When making your case studies, one of the most important things to keep in mind is to show potential employers how you learned and changed as your design changed. Employers like it when a UX designer can handle feedback from stakeholders or users. Your case study should include these ten things.
1. Your role in the project
State your role in the project. In the real world, you’ll mention the team members who collaborated on a design project with you and list the role that each of you played in bringing the designs to life. But for your project in this course, you covered the design process from beginning to end on your own! You should express that in the case study you’re creating.
2. The goal of the project
State the purpose of your project based on your findings from the research.
3. Project’s target audience
Describe the users you tried to solve a problem for or help through your design project.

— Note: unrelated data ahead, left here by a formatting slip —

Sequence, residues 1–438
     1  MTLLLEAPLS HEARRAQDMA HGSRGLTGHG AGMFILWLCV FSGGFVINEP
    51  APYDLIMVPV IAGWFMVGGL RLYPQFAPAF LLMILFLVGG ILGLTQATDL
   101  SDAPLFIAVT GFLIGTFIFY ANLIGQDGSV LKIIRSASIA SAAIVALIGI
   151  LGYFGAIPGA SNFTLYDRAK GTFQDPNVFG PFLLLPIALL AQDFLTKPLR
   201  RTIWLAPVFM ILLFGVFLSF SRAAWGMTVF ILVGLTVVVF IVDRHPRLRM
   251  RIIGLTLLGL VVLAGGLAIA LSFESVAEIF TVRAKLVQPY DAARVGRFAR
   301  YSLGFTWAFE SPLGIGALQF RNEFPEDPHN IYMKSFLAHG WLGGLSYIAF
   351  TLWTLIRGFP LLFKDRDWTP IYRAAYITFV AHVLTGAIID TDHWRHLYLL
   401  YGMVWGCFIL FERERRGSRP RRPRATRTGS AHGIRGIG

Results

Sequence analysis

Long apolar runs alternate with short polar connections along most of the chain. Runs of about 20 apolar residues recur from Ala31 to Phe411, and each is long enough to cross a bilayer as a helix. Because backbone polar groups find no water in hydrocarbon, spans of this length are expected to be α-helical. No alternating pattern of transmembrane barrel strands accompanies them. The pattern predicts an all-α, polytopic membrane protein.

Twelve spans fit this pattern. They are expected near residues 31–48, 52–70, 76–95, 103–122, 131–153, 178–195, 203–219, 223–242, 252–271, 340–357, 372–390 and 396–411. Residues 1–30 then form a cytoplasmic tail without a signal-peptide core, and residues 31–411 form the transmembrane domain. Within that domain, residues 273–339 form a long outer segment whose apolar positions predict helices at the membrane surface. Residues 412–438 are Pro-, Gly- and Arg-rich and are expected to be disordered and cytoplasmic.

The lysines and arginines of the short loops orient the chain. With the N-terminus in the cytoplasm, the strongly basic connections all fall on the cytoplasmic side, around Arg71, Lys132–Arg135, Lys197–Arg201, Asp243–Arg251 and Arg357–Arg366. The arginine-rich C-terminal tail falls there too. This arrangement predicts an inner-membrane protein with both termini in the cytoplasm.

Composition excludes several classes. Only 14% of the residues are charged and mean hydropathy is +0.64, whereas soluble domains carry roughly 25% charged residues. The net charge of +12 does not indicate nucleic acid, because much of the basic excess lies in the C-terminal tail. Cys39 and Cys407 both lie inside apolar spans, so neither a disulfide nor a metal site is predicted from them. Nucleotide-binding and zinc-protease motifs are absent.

4. Key challenges or constraints
State the challenges. Some common challenges include things like budget or time constraints.
5. Your research conducted
Mention the details of the research study. What research method did you use, and why did you choose it? What issues did the data reveal that led you into the study? How did the research study look?
6. Initial concepts or design strategy
Outline your design process and the decisions you made that contributed to that design. This is a good place to back your decisions with data from any research findings or results of a usability study that informed your design thinking.
7. Your sketches or wireframes
Show visuals of your design. This includes paper sketches, wireframes, and low-fidelity prototypes of your design.
8. Results of any user testing
Discuss the results of user testing. At this point, you want to help others understand why the issues occurred and what the usability tests showed as a result. In other words, what did you learn?
9. Final polished designs
Showcase your design. You’ll include a mockup or high-fidelity prototype of your design here to wow your audience.
State your conclusion and possible next steps. This is your chance to talk about what you learned throughout the design process and to touch on the future direction for the product or possible iterations.